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Volume 2
Issue 9
Justice

The next steps

By Henry Oakes, 12 May 1812

Mr Perceval's murderer was established to be a certain John Bellingham. Mr Bellingham continues to uphold his statement that he had been wronged by the British government and called the act one of retribution. Mr Bellingham had had great debts, and was taken to court by the owners of a lost Russian ship, who claimed that he cost them losses in insurance payments. He was later imprisoned by the Russians on account of a leaving the city of Archangel in a crude manner, but was subsequently released back to London.

Mr Bellingham then began a long series of petitions to the government in order to win some compensation for his sufferings back in Russia; however, these were all declined and Mr Bellingham was unable to secure any sort of payment. Mr Bellingham gave up his attempts for a while, but resumed them earlier this year. He was said to have purchased a pistol and begun practising his shot quite recently. On the 11 May 1812, Mr Bellingham arrived in the lobby of the House of Commons and proceeded to wait for Mr Perceval to arrive. After the fatal shot, Bellingham was seen sitting calmly, just aside from all the ruckus, where he was soon found and apprehended by a Mr Henry Burgess, who also discovered a second pistol on Bellingham. Witnesses say that Mr Bellingham was taken to the prison room and was not seen again by them, although that is not to say he disappeared.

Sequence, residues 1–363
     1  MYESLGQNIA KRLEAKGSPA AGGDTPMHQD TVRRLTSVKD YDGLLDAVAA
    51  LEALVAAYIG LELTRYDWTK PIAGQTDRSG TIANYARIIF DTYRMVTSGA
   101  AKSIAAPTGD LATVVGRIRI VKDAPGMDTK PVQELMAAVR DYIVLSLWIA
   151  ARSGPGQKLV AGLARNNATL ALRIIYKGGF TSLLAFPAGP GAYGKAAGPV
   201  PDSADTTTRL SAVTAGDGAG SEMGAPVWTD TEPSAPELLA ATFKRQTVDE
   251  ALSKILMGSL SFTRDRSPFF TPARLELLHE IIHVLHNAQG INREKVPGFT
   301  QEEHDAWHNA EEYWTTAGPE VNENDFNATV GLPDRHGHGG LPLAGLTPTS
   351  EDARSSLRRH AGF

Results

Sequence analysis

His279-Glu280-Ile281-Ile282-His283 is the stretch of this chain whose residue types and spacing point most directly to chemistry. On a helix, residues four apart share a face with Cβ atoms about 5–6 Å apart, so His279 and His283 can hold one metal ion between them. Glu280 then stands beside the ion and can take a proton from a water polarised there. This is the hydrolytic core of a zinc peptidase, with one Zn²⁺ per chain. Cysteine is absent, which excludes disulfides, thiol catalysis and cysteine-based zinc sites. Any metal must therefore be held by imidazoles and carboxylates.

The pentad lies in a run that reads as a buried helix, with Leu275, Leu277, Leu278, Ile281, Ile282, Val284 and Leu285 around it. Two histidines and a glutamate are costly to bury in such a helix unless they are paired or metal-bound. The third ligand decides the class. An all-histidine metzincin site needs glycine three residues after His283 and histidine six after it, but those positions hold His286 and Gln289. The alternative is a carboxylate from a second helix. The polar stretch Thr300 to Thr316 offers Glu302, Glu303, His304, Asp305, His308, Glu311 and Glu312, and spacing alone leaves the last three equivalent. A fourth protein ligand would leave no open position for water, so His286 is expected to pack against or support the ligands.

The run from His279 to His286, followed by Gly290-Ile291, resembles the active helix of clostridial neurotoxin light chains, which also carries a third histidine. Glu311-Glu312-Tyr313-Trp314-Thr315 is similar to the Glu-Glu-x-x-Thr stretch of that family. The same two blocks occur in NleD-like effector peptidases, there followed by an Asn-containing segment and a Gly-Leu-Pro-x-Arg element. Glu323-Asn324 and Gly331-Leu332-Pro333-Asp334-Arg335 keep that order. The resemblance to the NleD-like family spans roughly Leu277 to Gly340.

Just several hours ago today, a court ascertained that Mr Perceval had been wilfully murdered and Mr Bellingham awaits his trial later this week. I asked the Honourable Argus Parsons about the upcoming trial and whether Mr Bellingham has any chance of evading punishment:

"No, I do not believe that Mr Bellingham will ever succeed before any jury, even one of ducks and geese, of convincing them that he is innocent. Mr Bellingham will most certainly plead his case by mentioning the great "wrongs" to which he has been subjected; any sensible lawyer of his would advise him to plead guilty, however. Mr Bellingham's refusal to accept his plight is what has brought him into this, I can say with confidence."

The Signpost, 1812 Volume 2, Issue 9 Since 1811 Archives available Printed by Harper & Knight 12 Arthur Lane, London

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